Returning to competition, CHS cheer soars

Megan Smith, Central High School cheer coach, gives a pep talk before the girls perform their routine.

Photo by Audrey Caro
Megan Smith, Central High School cheer coach, gives a pep talk before the girls perform their routine.

INDEPENDENCE — Central High School cheerleaders took first place at a game day competition in Portland in September. Now they’re working their way to the United Spirit Nationals competition, which is in Anaheim, Calif. in February.

“We went to our first competition in a decade,” said Megan Smith, cheer coach. “When I took over the program eight years ago, there was no program.”


CHS cheerleaders perform a routine for a video tryout for the national competition.

Smith is on CHS’s paid staff to coach for fall, and has been volunteering her time for winter cheer, as there is no paid position for that season.

“I told my team this year if they worked really hard I would volunteer my time and take them to do competitions,” Smith said.

And she has been, but with some challenges.

“Central has no place for us to practice,” she said. The facilities are in use by other high school teams, basketball and wrestling.

“We had no where to go,” Smith said.


The CHS cheer team practices before their performance.

They use the upper gymnasium at Talmadge Middle School, she said.

“Usually competition teams are working four or five nights a week,” Smith said.

To qualify for the event in Anaheim, the team had to submit a video tryout.

Smith’s church, The Church of Jesus Christ of Latter-day Saints in Monmouth, let the girls use their gym on Dec. 12 to film.

Senior Katie Cupp said winning the competition in September was emotional.

“We all started crying,” Cupp said. “We’ve been working really hard and putting a lot of time and effort, even with crazy schedules.”


Coach Megan Smith tells her team how proud she is of them.

She said just about everyone in cheer is involved in other activities, including dance, multi-cultural leadership class, choir and band.

If CHS cheer is accepted to compete in Anaheim, it would mean “everything” to Cupp.

“We all poured so much into this,” she said. “Just having that recognition would be everything.”

Smith said cheer is a lot more athletic than it used to be.

“It’s more about stunting and dance than it is about cheering,” Smith said “It takes a lot of technique and a lot of athleticism.”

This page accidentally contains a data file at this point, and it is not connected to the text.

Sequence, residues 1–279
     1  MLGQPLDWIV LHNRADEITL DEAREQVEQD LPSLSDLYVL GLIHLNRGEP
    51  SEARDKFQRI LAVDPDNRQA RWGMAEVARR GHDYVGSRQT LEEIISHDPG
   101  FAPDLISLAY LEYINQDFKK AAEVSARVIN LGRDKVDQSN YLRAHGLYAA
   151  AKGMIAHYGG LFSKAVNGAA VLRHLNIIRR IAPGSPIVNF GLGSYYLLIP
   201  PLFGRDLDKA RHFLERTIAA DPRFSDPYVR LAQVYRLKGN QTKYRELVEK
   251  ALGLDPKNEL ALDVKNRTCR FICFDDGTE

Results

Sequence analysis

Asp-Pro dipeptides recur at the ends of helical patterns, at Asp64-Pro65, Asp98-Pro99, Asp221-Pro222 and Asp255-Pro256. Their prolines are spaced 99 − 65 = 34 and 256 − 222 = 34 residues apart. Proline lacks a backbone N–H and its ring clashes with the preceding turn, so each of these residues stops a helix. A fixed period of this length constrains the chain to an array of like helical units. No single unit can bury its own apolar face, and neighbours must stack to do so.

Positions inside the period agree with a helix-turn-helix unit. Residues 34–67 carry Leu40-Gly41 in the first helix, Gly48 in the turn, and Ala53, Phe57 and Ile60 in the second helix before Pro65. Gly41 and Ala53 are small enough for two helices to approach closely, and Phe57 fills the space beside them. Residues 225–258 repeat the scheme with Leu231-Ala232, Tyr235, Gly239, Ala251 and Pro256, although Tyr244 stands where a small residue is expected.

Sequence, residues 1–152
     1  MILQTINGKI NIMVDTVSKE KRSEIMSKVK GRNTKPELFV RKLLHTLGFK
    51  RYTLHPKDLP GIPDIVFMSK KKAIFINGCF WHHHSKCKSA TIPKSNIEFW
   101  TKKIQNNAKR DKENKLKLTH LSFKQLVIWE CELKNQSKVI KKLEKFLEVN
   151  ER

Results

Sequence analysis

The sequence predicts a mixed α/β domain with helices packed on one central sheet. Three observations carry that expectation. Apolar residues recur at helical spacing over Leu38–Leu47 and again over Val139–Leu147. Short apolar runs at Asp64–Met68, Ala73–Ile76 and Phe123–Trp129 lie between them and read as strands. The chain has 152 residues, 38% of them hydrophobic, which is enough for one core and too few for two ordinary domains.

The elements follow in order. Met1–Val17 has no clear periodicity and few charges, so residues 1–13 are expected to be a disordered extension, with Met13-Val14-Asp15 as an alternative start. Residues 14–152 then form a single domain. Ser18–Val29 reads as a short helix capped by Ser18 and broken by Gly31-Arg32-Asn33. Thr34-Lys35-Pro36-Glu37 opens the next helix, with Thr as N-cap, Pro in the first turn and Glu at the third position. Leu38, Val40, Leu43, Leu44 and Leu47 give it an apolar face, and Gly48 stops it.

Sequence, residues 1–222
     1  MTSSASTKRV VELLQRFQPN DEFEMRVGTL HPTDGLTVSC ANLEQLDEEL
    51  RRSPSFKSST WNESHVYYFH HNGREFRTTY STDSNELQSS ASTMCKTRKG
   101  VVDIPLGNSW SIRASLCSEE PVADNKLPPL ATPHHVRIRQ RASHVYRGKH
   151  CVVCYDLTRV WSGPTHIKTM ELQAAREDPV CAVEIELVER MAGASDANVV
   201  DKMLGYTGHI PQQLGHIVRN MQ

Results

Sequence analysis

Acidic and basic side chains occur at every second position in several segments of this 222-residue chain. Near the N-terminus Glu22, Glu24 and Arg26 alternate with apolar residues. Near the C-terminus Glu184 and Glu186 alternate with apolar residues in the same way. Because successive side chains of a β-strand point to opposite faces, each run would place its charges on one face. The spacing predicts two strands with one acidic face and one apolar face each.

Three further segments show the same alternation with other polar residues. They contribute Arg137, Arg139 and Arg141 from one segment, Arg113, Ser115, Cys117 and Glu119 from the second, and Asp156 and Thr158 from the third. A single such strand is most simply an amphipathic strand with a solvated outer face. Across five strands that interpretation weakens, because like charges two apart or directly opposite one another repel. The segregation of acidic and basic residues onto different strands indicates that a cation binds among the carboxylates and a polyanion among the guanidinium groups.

That athleticism is why junior Drew Flores joined cheer.

“I’ve done gymnastics competitions,” Flores said. “I decided to do cheer because it is the closest thing to gymnastics, (with the) routines and tumbling.”

The girls on the team are unique, Smith said.

“I’ve never had a team like I have this year,” she said. “Part of the reason why is because of how close they are. There’s no drama. It’s like a miracle, and part of the reason is because of the competition. They have a goal. They are working so tirelessly that they don’t have time to be dramatic.”

Smith said it is hard to qualify for the national competition.

“I’m never a part-time coach,” she said.

Even without a dedicated place to practice, they try to get in as much as they can, when they can.

They even recently went to a stunting clinic that ran from 9 a.m. to 4 p.m. on a Saturday and Sunday.

CHS cheer pays 100 percent of its costs, Smith said.

The cost to get the team — 20 girls — to Anaheim is between $800 and $1,000 per girl, she said.

The team will know if they’ve made the cut in a couple of weeks, Smith said.

But they’re not wasting time to raise money for the trip. They’ve already done some fundraisers and worked concessions for fall sports. They plan to do a rummage sale in the near future.

“We’re trying to reduce costs as much as we can,” Smith said.

Since they are self-funded, any money they raise will go toward their team, even if they don’t make to Anaheim this time.

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